Plaintiffs contend that (1) their failure to file a timely notice of appeal from the Commissioner's determination should be subject to an “excusable neglect” standard and that the evidence here clearly shows excusable neglect; (2) the evidence also shows constructive receipt of their notice of appeal by the court clerk on July 24, 1997 (which plaintiffs assume would have been timely receipt); (3) the Commissioner was required to serve the final determination by certified, not first class, mail (and therefore, implicitly, the time for filing the notice of appeal did not begin to run); and (4) plaintiffs have standing to challenge the constitutionality of the Talent Agencies Act as applied to their contract with defendant, and therefore they should have been allowed to amend their complaint to add a cause of action challenging the act's constitutionality.
Defendant disputes each of these contentions.
1. Section 1700.44 Requires An Aggrieved Party to File A Notice of Appeal Within 10 Days After Service of Notice of The Commissioner's Final Determination, Unless Extended
The Talent Agencies Act (§§ 1700-1700.46) 4 is a remedial statute designed to protect those seeking employment. (Buchwald v. Superior Court (1967) 254 Cal.App.2d 347, 350, 62 Cal.Rptr. 364.) The Commissioner has the authority to hear and determine various disputes, including the validity of artists' manager-artist contracts and the liability of the parties thereunder. (Id. at p. 357, 62 Cal.Rptr. 364.) The reference of disputes involving the Act to the Commissioner is mandatory. (Id. at p. 358, 62 Cal.Rptr. 364.) Disputes must be heard by the Commissioner, and all remedies before the Commissioner must be exhausted before the parties can proceed to the superior court. (Ibid.)
Once the parties have exhausted their administrative remedies, section 1700.44 confers upon any party aggrieved by a determination of the Commissioner the right to a trial de novo in the superior court provided he or she notices the appeal within 10 days. (§ 1700.44 [“In cases of controversy arising under this chapter, the parties involved shall refer the matters in dispute to the Labor Commissioner, who shall hear and determine the same, subject to an appeal within 10 days after determination, to the superior court where the same shall be heard de novo.”]; Buchwald v. Katz (1972) 8 Cal.3d 493, 502, 105 Cal.Rptr. 368, 503 P.2d 1376; Buchwald v. Superior Court, supra, 254 Cal.App.2d at p. 359, 62 Cal.Rptr. 364.) While section 1700.44 does not explicitly state when this 10 day period begins to run, case law has established that it begins to run after service of notice of the determination. (Sinnamon v. McKay (1983) 142 Cal.App.3d 847, 852-854, 191 Cal.Rptr. 295.) 5
The 10-day time limit for taking an appeal from a decision of the Commissioner is “mandatory and jurisdictional,” and the superior court cannot consider an appeal taken after the expiration of the statutory period even if the appeal is late because of mistake, inadvertence or other excuse. (Pressler, supra, 32 Cal.3d at p. 836, 187 Cal.Rptr. 449, 654 P.2d 219.)
In Pressler, supra, 32 Cal.3d 831, 187 Cal.Rptr. 449, 654 P.2d 219, Pressler, a real estate salesman, filed an action with the Commissioner to recover the unpaid portion of commissions allegedly owed to him. Following an administrative hearing, the Commissioner awarded Pressler his full commissions, and a copy of the decision was mailed to the parties. Although Labor Code section 98.2, subdivision (a), provided that a party seeking a de novo review of such an award must file a notice of appeal within 10 days following service of notice of the award, the defendant did not file the notice until 13 days after that date. Pressler moved to dismiss the appeal, claiming the superior court did not have jurisdiction to hear the case because the notice of appeal was not timely filed. The defendant opposed the motion, arguing that, under Code of Civil Procedure section 473, the court could allow the late notice of appeal. The court rejected this claim and granted the motion to dismiss.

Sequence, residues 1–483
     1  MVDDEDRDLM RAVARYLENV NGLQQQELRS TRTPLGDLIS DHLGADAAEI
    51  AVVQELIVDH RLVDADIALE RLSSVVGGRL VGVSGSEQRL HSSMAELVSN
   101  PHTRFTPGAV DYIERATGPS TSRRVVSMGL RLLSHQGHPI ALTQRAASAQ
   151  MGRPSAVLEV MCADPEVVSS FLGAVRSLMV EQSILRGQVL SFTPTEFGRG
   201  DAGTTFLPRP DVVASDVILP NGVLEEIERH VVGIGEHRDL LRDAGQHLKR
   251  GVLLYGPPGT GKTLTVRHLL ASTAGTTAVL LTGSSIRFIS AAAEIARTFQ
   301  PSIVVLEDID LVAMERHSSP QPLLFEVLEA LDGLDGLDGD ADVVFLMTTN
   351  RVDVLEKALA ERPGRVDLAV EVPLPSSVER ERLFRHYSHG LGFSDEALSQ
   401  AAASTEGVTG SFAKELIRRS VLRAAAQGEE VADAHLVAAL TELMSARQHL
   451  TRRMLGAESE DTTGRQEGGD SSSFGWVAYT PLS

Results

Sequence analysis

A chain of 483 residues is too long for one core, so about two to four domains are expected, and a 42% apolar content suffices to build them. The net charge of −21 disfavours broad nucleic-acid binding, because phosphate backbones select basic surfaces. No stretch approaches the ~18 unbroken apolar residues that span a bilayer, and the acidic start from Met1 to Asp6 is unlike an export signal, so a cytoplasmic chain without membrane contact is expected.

The defendant's reliance on Code of Civil Procedure section 473 was based on his contention that the notice of appeal was filed late due to a clerical error: that the notice of appeal was prepared on August 18 and was timely sent to Pressler and the Commissioner, but that the original notice, plus the filing fee, mistakenly was not mailed to the court until August 26, and thus was not filed on time.
The California Supreme affirmed the trial court's dismissal of defendant's appeal. It held that the 10-day time limit for taking an appeal from a decision of the Commissioner is “mandatory and jurisdictional,” and that a court cannot consider an appeal taken after the expiration of the statutory period even if the appeal is late because of mistake, inadvertence or other excuse. (32 Cal.3d at p. 837, 187 Cal.Rptr. 449, 654 P.2d 219.) In addition, the California Supreme Court noted that the defendant in Pressler was not entitled to relief under Code of Civil Procedure section 473 in any event, because a party's own default in failing to timely file a notice of appeal is not “ ‘a “proceeding taken against” [the party] within the meaning of section 473.’ [Citation.]” (Id. at p. 834, fn. 5, 187 Cal.Rptr. 449, 654 P.2d 219.) Finally, the court observed that granting relief under Code of Civil Procedure section 473 would undercut the legislative purpose-and public policy-of assuring the expeditious collection of wages which are due but unpaid. (Id. at p. 837, 187 Cal.Rptr. 449, 654 P.2d 219.)